It’s been a big year for anniversaries. First we have Abraham Lincoln and Charles Darwin blowing out 200 candles apiece (were they jealous of each other?), and now comes a Galileo event at twice that span: 400 years. When you put it that way, it’s interesting to consider that Darwin gets you halfway to Galileo. Quick question: if two Darwins buys a Galileo, what can you buy with two Galileos (800 years)? Answer: Cambridge University, which was founded in 1209. So it goes.
But back to Galileo. In fairness, we are talking not about his birth year (1564), but the first year in which he turned his famous telescope upon the heavens. A curious historical footnote is that Galileo did not invent the telescope, but he does seem to have been the first to think to point it straight up. In honor of the events of 1609, this year is to be an International Year of Astronomy. Last weekend witnessed the 100 Hours of Astronomy celebration. Visit their web site to see some fun short videos from observatories around the world in Around the World in 80 Telescopes.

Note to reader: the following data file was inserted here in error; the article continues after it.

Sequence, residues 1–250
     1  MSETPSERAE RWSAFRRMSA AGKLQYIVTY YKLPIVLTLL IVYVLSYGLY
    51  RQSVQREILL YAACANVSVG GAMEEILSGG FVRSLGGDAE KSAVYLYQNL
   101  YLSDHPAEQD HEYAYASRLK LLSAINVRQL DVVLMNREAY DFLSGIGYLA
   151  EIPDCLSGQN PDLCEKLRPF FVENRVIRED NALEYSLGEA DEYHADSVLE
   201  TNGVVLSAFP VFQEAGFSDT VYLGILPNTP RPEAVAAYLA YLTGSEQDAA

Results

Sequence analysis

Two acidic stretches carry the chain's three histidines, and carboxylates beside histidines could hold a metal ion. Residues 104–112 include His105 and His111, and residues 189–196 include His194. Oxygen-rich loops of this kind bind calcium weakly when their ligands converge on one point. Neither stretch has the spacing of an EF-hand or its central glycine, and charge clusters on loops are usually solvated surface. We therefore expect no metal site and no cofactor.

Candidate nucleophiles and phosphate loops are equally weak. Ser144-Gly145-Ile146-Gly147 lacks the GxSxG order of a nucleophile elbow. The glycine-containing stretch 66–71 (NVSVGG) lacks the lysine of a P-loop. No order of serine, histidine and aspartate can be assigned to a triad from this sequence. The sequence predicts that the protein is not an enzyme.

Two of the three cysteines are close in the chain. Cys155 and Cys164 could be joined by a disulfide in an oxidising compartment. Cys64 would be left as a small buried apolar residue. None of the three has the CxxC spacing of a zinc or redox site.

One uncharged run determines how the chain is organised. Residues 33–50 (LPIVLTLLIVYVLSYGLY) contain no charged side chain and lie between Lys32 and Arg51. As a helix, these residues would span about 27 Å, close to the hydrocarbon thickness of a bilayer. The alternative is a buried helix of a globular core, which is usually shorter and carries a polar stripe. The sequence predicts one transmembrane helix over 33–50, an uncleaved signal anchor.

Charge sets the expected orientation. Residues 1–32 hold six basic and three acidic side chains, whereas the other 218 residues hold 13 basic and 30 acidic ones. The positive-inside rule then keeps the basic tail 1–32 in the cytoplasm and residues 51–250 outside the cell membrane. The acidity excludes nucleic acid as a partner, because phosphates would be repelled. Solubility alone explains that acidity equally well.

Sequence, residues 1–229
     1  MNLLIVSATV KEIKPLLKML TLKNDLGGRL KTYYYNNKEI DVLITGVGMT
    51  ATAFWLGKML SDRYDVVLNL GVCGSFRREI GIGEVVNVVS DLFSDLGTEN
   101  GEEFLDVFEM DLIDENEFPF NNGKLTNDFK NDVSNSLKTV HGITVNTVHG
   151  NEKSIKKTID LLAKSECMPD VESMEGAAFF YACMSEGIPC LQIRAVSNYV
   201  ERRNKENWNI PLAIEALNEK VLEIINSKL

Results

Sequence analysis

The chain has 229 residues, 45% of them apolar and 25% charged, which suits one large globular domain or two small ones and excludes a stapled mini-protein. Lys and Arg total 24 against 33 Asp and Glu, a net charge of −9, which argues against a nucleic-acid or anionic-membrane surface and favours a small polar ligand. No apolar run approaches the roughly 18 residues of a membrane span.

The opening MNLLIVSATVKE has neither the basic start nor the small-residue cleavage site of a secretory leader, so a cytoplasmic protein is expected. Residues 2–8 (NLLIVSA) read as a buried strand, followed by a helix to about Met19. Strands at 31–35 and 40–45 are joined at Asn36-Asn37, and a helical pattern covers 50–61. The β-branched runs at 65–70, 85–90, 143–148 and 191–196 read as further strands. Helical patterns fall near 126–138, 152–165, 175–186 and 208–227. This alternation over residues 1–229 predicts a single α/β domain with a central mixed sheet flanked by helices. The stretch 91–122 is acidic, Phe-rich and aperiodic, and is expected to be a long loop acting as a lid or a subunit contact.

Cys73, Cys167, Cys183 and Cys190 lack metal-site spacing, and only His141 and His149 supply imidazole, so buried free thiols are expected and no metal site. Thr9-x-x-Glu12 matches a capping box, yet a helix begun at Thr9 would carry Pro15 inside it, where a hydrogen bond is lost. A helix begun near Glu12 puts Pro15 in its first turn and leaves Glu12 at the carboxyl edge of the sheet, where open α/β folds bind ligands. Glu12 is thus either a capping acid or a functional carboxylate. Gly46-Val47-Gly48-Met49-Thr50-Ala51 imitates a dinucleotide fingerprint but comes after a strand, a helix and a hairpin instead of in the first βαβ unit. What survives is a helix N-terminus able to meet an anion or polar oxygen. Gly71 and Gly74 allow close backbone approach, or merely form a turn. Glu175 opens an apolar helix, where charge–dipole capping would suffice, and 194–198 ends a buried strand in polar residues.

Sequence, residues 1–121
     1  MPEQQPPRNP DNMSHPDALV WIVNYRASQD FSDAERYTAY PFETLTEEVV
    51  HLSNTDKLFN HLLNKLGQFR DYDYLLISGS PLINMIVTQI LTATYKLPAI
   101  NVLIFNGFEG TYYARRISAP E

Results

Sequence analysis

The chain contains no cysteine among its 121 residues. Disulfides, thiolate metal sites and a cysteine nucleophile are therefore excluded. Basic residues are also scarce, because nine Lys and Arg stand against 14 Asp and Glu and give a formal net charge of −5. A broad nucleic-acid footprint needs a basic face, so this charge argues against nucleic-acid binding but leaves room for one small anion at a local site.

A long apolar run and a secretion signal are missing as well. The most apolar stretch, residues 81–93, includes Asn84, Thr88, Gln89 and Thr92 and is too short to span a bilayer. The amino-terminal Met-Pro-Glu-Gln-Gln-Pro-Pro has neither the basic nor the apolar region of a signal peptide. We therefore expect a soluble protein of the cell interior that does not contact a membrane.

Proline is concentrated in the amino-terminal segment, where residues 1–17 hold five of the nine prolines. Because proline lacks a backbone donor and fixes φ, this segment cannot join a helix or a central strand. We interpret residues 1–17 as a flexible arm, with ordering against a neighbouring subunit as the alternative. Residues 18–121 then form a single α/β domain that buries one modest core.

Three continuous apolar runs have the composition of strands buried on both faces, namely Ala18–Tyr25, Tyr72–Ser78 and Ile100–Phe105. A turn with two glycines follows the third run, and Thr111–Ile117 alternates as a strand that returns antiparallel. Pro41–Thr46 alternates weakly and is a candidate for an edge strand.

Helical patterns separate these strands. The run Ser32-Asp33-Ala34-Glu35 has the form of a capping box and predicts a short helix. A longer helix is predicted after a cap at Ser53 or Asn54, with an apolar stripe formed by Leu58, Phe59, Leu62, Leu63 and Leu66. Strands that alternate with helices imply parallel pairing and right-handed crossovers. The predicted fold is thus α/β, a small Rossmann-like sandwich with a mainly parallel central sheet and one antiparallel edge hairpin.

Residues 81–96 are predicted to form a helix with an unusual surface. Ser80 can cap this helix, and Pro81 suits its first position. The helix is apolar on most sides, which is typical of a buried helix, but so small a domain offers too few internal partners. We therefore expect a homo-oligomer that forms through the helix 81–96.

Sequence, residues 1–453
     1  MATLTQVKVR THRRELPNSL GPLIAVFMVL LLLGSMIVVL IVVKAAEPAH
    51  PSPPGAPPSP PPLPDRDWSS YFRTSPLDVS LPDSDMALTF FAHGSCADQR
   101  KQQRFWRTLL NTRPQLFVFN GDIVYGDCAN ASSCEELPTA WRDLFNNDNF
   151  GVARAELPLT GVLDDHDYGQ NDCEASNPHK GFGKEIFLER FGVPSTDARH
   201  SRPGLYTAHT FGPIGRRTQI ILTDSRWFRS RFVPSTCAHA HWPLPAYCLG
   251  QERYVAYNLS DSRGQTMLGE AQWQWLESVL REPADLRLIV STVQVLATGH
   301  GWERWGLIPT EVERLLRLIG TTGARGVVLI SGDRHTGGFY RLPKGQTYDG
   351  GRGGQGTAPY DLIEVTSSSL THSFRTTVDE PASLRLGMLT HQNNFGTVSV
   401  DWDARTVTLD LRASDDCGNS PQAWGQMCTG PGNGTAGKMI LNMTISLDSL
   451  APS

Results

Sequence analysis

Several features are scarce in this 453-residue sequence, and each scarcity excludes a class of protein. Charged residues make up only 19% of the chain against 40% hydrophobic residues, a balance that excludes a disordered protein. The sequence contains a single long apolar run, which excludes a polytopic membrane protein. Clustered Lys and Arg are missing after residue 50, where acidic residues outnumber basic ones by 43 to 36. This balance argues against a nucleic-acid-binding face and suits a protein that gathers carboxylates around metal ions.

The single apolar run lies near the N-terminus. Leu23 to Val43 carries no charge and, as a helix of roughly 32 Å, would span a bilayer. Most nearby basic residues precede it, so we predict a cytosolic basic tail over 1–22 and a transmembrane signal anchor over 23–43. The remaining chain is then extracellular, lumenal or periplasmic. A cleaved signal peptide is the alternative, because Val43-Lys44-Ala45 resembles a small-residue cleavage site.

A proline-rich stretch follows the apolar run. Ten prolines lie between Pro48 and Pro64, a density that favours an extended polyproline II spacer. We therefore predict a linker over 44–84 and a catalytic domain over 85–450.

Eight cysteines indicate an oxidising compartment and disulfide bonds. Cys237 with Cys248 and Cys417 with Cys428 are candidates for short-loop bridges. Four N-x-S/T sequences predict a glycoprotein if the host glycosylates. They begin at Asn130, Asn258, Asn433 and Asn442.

But what about Galileo’s original telescope? You can still find it (or one of its early siblings anyway) at the Istituto e Museo di Storia della Scienza in Florence. I’ve been there, and let me tell you it is worth the visit.
As you enter the museum, you see part of an enormous marble dial for a barometer and thermometer that used to sit in the Loggia dei Lanzi in the famous Piazza della Signoria. But, this being Florence, public displays of science gave way to public displays of art, and so the instrument was banished to the museum. On the second floor you can find not only Galileo’s old telescopes, but also, bizarrely, his old finger. It is, in fact, his middle finger, and although Galileo was pardoned by Pope John Paul II in 1992, I would have to guess that it still points at Rome.